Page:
On the following inbounds play, WSU seemingly forced a five-second violation after none of the Grizzlies were able to get open, but the referees awarded a timeout to the Montana sideline, which triggered a visibly upset reaction from the Wildcat bench.

After the short break, Montana was able to get the ball in play, and Weber State was forced to foul. At the free-throw line, the Grizzlies sank both and the score was 78–75.

With an opportunity to tie the game, the ball went into the hot hands of Sisoho Jawara, who tried to create separation and put up a three, but the shot was blocked and rebounded by Montana, who iced the game at the free-throw line, sealing an 80–75 upset victory over Weber State.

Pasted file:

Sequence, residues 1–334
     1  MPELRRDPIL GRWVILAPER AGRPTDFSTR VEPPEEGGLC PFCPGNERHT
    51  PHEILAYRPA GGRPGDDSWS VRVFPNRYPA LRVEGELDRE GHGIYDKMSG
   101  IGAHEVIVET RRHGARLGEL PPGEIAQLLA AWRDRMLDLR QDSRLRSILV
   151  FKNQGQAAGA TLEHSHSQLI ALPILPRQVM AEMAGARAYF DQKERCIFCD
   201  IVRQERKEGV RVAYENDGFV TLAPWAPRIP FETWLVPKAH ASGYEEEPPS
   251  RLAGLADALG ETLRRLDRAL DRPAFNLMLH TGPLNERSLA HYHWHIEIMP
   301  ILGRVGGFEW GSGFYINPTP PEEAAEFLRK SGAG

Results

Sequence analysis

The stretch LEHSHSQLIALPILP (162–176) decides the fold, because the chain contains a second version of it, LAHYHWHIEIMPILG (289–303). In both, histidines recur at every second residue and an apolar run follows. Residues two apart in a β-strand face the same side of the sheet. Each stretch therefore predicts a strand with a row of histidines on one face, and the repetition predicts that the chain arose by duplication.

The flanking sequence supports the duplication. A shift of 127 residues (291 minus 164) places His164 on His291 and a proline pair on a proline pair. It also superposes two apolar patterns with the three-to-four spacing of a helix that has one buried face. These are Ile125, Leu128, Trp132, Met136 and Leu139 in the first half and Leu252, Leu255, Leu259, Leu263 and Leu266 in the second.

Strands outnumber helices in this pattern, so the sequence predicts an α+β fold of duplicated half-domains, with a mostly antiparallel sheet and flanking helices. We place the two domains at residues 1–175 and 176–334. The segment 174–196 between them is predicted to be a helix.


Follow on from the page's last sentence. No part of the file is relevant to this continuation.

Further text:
The Wildcats’ leaders on offense were Sisoho Jawara and Carlson with 18 each, then Jones with 13 and lastly Brown with 10.

Seikou Sisoho Jawara attacks the paint against the Grizz
Seikou Sisoho Jawara attacks the paint against Montana in the second round of the Big Sky tournament. Photo credit: Brooks Nuanez / Big Sky Conference

The Wildcats finish the Big Sky tournament without winning a game but took leaps forward after going 12–20 in the previous season. This year, the Wildcats conclude their season with a record of 17–6 and an undefeated record on their home floor.

“We changed our roster this year, brought in nine new guys, and I think they bought into our program, bought into our culture and did everything we asked them to do,” Rahe said. “It wasn’t easy, but I’m proud of our guys … nine guys had to come together and figure things out and they did it. Tonight was a tough night … overall, I’m really proud of this team, and I love these guys to death.”